Creating tangible value while complying with privacy regulations can get complicated. In order for providers to deliver the most personalized (and monetizable) experience, consumers need to share some personal data. Meanwhile, data privacy regulations are upping the ante for gathering consent before using personal data, forcing enterprises to re-architect their customer experience. So how can organizations continue to enhance personalized experiences and customer loyalty without getting into regulatory hot water?
Imagine a world where…
Alice enters a retail store, Acme. She’s on record as agreeing to share her data with Acme, and the store is able to detect her presence through her mobile device. When Alice buys items using her phone, Acme rewards her by depositing AcmeCoin in her associated cryptocurrency wallet. Because Acme’s systems are integrated with a respectful data brokerage ecosystem, all of Alice’s interactions, identity data, and consents generate auditable proof of the company’s rights to collect, use, and share her data — and she can change her mind anytime about those rights. The ecosystem preserves and enhances the relationship between Acme and Alice and their mutual value exchange.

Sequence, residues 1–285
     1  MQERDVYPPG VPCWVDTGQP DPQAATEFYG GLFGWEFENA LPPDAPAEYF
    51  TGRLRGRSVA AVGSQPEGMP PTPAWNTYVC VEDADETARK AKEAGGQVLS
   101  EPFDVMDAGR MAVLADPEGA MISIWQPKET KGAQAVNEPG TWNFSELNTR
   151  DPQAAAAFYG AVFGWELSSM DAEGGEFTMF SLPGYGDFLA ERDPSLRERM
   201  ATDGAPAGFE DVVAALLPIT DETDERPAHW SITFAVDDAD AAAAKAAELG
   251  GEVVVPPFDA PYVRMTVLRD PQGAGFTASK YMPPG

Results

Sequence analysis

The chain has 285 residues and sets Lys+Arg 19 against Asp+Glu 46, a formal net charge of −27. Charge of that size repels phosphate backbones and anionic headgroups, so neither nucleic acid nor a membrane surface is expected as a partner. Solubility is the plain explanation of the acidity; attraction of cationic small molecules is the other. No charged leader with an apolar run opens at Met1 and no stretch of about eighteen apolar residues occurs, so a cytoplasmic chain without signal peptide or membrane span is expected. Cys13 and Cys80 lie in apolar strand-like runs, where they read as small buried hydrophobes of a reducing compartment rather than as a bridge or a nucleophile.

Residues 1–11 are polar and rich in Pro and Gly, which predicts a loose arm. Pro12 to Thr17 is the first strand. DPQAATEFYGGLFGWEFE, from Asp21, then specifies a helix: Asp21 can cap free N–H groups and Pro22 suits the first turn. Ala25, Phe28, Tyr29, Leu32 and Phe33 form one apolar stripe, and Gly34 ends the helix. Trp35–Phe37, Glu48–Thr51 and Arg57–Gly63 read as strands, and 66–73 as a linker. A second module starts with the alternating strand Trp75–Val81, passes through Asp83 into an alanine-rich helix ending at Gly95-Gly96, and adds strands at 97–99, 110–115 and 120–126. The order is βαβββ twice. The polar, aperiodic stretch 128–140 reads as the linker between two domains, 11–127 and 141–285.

Consulting company Dojo Partners recently debuted just such a scenario to key stakeholders at GSMA’s Mobile World Congress in Barcelona under the headline Operator Tokenomics. ForgeRock’s innovation labs team is working with Dojo, consent service Privacy Co-Op, blockchain provider Hedera Hashgraph, and privacy solution provider Pryv in a pilot program as part of the GSMA Foundry. We aim to explore and build a repeatable model for such an ecosystem, applicable to individual companies as well as to entire sectors.
The following simple demonstration [video here] of ForgeRock Intelligent Access Trees shows a no-code integration of the Privacy Co-op consent engine into a user journey design. It enables organizations like Acme — a member of the respectful data brokerage ecosystem — to leverage an independent and trusted source of Alice’s express consent into any part of her journey, including registration, authentication, or profile self-service.
When Acme wants to use Alice’s personal data for an email marketing campaign, a consent engine acts as an authoritative source for whether or not her data is suitable for inclusion, ensuring compliance and auditability of decisions. And, on the basis of Alice’s express affirmative consent available through the consent engine, her data can be made available in a data marketplace or exchange. Specific conditions for data sharing can also be established, adhered to, and proven. Examples include data anonymization and restricting certain data to specific audiences.
*** This is a Security Bloggers Network syndicated blog from Forgerock Blog authored by Eve Maler. Read the original post at: https://www.forgerock.com/blog/operator-tokenomics-and-respectful-personal-data-brokering